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The term “Open Source” is often associated with the vibrant tech community of developers and entrepreneurs. Thanks to the popularity and the media coverage of software tech startup companies, the public usually treats “Open Source” synonymously with “Open Source Software.” Despite its apparent defiance to many aspects of intellectual property law, Open Source Software is practically a specific application of intellectual property law that it “allows recipients to use the software without restriction, examine the source code, change the software, and make further distributions of the original or modified software to other recipients.”More importantly, it also mandates that any recipients further down the stream must enjoy exactly the same freedoms. Open Source Hardware shares the same model, yet, with added complexities of the physical property.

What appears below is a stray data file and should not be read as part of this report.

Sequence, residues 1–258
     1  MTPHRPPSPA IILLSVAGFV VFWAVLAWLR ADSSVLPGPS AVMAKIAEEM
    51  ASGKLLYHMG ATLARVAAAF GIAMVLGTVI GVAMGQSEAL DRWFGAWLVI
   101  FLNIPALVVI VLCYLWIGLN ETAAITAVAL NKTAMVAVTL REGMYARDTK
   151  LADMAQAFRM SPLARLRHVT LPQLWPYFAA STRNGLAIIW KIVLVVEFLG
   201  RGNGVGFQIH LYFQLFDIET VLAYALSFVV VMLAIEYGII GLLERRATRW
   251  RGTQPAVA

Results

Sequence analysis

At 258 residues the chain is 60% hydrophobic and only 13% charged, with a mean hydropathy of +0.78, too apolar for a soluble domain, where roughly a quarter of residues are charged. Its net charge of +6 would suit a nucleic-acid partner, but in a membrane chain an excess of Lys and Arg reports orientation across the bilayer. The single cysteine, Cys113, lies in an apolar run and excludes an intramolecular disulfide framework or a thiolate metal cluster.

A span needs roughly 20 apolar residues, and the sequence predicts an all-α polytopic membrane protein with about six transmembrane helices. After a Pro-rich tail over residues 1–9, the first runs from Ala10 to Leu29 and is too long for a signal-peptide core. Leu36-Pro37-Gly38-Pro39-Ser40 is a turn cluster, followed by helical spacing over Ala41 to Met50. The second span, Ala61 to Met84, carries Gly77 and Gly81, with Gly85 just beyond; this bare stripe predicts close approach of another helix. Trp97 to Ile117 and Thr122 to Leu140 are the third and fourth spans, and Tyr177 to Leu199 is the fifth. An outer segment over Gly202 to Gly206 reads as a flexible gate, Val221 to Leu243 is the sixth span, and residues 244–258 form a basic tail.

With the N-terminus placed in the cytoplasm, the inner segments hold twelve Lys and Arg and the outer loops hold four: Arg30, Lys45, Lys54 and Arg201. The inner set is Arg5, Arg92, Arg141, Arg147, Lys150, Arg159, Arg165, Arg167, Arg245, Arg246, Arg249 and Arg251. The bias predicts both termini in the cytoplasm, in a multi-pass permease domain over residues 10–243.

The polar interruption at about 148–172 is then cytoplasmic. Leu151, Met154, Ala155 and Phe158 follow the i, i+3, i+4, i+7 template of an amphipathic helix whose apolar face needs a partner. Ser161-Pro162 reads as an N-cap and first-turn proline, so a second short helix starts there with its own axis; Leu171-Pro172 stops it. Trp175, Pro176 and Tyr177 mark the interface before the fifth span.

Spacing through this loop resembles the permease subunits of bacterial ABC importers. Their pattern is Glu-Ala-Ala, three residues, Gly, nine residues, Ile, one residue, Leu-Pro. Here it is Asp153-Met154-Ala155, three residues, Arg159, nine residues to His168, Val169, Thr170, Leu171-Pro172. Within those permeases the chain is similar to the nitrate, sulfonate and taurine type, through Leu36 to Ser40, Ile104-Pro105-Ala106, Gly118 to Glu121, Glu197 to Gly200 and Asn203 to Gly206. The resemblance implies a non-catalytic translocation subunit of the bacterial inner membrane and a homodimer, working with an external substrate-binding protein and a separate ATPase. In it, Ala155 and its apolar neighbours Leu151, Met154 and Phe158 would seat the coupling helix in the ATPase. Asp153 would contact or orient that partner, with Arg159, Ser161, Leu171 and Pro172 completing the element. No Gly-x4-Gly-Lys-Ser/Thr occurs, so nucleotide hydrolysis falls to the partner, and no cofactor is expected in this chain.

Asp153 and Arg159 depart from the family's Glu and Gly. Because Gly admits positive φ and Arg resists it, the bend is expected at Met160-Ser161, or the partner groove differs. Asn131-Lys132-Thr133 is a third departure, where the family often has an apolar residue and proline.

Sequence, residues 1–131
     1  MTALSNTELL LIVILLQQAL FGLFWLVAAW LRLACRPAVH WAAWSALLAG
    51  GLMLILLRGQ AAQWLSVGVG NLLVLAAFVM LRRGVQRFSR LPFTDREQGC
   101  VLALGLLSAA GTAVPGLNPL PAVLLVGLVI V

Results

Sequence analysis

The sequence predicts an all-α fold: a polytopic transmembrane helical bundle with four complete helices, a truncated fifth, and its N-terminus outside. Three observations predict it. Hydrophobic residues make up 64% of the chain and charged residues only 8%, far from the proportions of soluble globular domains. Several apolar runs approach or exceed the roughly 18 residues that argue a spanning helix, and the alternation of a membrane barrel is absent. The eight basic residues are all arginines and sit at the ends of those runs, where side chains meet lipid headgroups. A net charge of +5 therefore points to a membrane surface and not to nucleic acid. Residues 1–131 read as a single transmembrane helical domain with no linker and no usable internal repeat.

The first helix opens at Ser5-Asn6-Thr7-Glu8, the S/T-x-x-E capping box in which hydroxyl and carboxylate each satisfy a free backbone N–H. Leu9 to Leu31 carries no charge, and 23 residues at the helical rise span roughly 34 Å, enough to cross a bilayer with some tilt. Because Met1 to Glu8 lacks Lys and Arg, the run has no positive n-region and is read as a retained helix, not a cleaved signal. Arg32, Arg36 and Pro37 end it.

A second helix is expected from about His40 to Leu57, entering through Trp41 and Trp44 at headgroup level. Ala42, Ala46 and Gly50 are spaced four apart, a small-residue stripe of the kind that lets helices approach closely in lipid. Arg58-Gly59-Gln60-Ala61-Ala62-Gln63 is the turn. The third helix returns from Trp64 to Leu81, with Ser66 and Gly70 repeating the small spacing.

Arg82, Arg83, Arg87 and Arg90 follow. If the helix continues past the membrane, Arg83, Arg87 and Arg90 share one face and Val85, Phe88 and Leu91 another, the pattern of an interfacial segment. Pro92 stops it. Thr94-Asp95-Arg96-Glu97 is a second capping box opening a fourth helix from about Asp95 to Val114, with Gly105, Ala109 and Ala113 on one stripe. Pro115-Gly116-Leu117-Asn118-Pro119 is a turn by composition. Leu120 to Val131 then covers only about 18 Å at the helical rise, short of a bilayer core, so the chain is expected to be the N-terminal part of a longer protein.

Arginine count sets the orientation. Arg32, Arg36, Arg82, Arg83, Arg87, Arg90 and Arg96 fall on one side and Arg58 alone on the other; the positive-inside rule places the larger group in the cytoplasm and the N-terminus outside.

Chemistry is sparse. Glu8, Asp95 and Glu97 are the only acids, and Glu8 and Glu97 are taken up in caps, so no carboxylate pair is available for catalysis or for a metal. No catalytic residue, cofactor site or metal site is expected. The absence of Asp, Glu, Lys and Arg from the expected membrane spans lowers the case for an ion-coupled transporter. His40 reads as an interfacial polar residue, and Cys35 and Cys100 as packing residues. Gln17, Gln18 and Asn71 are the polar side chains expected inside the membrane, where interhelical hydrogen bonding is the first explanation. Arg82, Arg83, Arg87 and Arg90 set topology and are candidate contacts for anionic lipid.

This post was originally published on the Cardozo Arts & Entertainment Law Journal website on October 27, 2019. The original post can be accessed via the Archived Link button above.

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